Shankar Vedantam appears in the following:
Tuesday, May 03, 2016
What are the health implications of dancing? New social science research shows that dancing in synchrony with others increases people's threshold for dealing with pain.
Thursday, April 28, 2016
A leak of names from one of the world's most famous "adultery" sites, Ashley Madison, got social scientists thinking. They've recently tried to see if people who like to cheat in their marriages also have a propensity to cheat at work.
Tuesday, April 26, 2016
There's an old saying: If you want to get something done, ask a busy person. Researchers find that busy people are more motivated to complete tasks after missing a deadline than their non-busy peers.
Tuesday, April 26, 2016
The sharing economy is making online transactions far more personal, which can lead to some unintended consequences.
Tuesday, April 12, 2016
Research shows that our biases can actually skew our perception of time. For police officers, this means some are at a greater risk for shooting unarmed black men.
Wednesday, April 06, 2016
Research indicates when a partner dies happy and contented, that stays with the other person a long time, but when a partner dies unhappy and in pain, those feelings stay with the other one, too.
Friday, March 25, 2016
A new research study finds that students exposed to their very best peers became discouraged about their own abilities and performance — and were more likely to drop out.
Friday, March 18, 2016
Research shows that bettors are drawn to certain games not because of financial motives but because they get enjoyment out of them.
Friday, March 11, 2016
Research finds that when you put powerful people together in a group, individuals tend to vie for the same level of authority and deference they receive outside the group.
Thursday, March 03, 2016
Social science research examines how the mood of gamblers can change the way they think about risk. New Yorkers buy more lottery tickets when the weather is good and when their sports teams win games.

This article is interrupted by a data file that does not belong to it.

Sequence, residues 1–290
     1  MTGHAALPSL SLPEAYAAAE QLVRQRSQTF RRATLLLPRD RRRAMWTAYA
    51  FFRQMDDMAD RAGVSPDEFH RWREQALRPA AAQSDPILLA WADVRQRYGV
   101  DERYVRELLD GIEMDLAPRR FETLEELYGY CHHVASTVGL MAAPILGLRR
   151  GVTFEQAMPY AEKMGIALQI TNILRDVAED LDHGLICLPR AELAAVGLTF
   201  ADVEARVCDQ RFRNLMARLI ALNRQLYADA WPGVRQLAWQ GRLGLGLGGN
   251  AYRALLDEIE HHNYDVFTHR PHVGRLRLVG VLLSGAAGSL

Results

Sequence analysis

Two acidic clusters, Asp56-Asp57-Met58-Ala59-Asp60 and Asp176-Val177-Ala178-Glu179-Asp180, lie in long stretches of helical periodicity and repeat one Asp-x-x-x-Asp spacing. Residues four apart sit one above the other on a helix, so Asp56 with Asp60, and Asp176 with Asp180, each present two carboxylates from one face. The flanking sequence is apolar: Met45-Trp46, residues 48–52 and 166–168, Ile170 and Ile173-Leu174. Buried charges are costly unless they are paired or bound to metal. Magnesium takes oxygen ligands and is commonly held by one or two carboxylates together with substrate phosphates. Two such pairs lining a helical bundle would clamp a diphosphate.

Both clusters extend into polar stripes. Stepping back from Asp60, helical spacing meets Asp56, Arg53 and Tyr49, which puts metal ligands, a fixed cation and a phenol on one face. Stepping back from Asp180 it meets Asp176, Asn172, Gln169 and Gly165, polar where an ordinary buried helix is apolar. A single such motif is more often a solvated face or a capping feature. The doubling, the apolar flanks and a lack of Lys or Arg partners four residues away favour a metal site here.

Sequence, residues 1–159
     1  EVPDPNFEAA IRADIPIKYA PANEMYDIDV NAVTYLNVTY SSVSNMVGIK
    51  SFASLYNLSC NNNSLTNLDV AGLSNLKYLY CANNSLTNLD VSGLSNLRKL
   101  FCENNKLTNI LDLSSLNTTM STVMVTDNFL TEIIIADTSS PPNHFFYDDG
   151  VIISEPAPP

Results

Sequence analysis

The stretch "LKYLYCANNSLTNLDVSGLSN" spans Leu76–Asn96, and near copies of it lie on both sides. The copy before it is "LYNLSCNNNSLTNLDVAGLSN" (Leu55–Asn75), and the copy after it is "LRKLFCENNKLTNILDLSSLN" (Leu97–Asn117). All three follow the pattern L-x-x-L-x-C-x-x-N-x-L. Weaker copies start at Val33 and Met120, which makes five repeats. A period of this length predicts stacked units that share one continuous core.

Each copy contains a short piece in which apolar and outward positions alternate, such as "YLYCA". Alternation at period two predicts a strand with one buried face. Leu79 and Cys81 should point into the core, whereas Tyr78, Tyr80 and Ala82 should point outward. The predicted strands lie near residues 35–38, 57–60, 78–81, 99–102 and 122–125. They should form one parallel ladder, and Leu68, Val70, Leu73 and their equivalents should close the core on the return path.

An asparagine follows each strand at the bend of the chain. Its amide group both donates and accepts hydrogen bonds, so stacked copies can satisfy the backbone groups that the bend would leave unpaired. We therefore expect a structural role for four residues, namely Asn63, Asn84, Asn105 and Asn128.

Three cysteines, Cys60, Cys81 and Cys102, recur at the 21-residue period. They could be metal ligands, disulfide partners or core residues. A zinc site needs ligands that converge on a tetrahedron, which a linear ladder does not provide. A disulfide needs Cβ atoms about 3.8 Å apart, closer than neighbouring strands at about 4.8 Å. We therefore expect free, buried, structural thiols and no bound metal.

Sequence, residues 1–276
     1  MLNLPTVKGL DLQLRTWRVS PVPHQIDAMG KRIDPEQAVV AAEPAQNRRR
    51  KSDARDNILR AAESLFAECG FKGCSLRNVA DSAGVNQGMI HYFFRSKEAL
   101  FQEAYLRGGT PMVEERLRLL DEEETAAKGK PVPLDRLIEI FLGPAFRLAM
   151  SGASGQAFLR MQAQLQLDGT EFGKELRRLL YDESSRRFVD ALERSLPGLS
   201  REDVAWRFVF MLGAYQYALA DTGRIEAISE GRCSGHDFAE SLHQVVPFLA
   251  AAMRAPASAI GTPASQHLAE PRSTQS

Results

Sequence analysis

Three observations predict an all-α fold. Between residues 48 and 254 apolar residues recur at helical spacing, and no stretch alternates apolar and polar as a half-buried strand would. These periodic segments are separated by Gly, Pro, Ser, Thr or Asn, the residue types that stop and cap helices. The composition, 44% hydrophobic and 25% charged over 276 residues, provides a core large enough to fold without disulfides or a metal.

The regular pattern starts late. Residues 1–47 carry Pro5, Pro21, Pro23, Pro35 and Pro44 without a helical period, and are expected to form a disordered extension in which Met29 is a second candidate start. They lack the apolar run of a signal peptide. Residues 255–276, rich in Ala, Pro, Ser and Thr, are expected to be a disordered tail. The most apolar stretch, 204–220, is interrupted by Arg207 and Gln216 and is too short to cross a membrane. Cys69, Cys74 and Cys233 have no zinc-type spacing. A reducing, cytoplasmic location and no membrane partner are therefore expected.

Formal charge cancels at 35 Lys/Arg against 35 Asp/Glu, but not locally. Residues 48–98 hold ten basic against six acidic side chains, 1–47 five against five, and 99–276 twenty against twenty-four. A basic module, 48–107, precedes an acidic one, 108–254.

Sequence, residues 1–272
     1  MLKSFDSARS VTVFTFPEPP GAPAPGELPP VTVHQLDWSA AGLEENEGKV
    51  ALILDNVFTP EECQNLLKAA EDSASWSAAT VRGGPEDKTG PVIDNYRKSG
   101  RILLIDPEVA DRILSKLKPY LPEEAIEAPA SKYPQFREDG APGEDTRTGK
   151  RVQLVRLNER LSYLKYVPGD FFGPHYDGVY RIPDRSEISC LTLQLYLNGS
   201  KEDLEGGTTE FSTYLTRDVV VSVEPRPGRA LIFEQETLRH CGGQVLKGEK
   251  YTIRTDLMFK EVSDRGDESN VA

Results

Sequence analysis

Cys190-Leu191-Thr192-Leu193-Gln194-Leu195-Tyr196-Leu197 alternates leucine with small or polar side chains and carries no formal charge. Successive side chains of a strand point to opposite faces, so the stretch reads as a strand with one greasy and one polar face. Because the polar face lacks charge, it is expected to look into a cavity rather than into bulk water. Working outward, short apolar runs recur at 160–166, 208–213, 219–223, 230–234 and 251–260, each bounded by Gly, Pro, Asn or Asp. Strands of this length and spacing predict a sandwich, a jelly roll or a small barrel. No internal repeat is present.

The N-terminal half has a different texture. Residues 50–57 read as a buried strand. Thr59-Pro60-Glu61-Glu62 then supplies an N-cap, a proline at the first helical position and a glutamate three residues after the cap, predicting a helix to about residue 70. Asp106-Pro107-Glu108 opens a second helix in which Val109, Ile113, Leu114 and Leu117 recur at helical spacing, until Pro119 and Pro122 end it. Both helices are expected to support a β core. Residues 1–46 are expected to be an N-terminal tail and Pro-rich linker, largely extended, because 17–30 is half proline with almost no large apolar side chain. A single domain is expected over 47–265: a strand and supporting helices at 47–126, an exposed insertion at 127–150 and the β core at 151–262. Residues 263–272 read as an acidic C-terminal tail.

Tuesday, March 01, 2016
New research looks at how gender shapes competitions. Multiple strands of social science research suggest highly competitive settings are likely to dissuade qualified women from tossi...
Wednesday, February 17, 2016
Analysis explores the relationship among college football, binge drinking and sexual violence on campus. It suggests that reports of rape increase 41 percent on college football home games.
Friday, February 12, 2016
Social scientists have been studying Valentine's Day gifts, and research shows: The more you love someone, the more likely you might be to give selfish gifts.
Thursday, February 04, 2016
Confessing embarrassing information is often better than withholding it. Research finds that people distrust withholders of details more than they dislike revealers of unsavory information.
Wednesday, January 27, 2016
A political fundraising experiment reveals: Small donors are more likely to open their wallets for political campaigns when they're told other donors who support a rival candidate are being generous.
Tuesday, January 19, 2016
Self-made billionaires are bigger philanthropists than those who inherit their wealth, research says. That might explain why the self-made wealthy plan to donate much of their wealth to charity.
Thursday, January 14, 2016
Do stereotypes about religious people undermine their performance in certain tests? Studies have found Christians tend to underperform non-Christians when it comes to tests of logical ability.
Tuesday, January 05, 2016
An experiment, conducted at bars in Kansas, suggests that hierarchical thinking comes more easily to people than egalitarian thinking. This may have implications for the topic of income inequality.
Friday, January 01, 2016
Research out of the Wharton School of the University of Pennsylvania suggests that people see New Year's Day, their birthdays and even the start of a new month or week as "temporal la...
Tuesday, December 29, 2015
The fallacy is that we are surprised when things that are supposed to vary a lot, come down one way a number of times. We feel the next case must break the pattern. In reality, there is no pattern.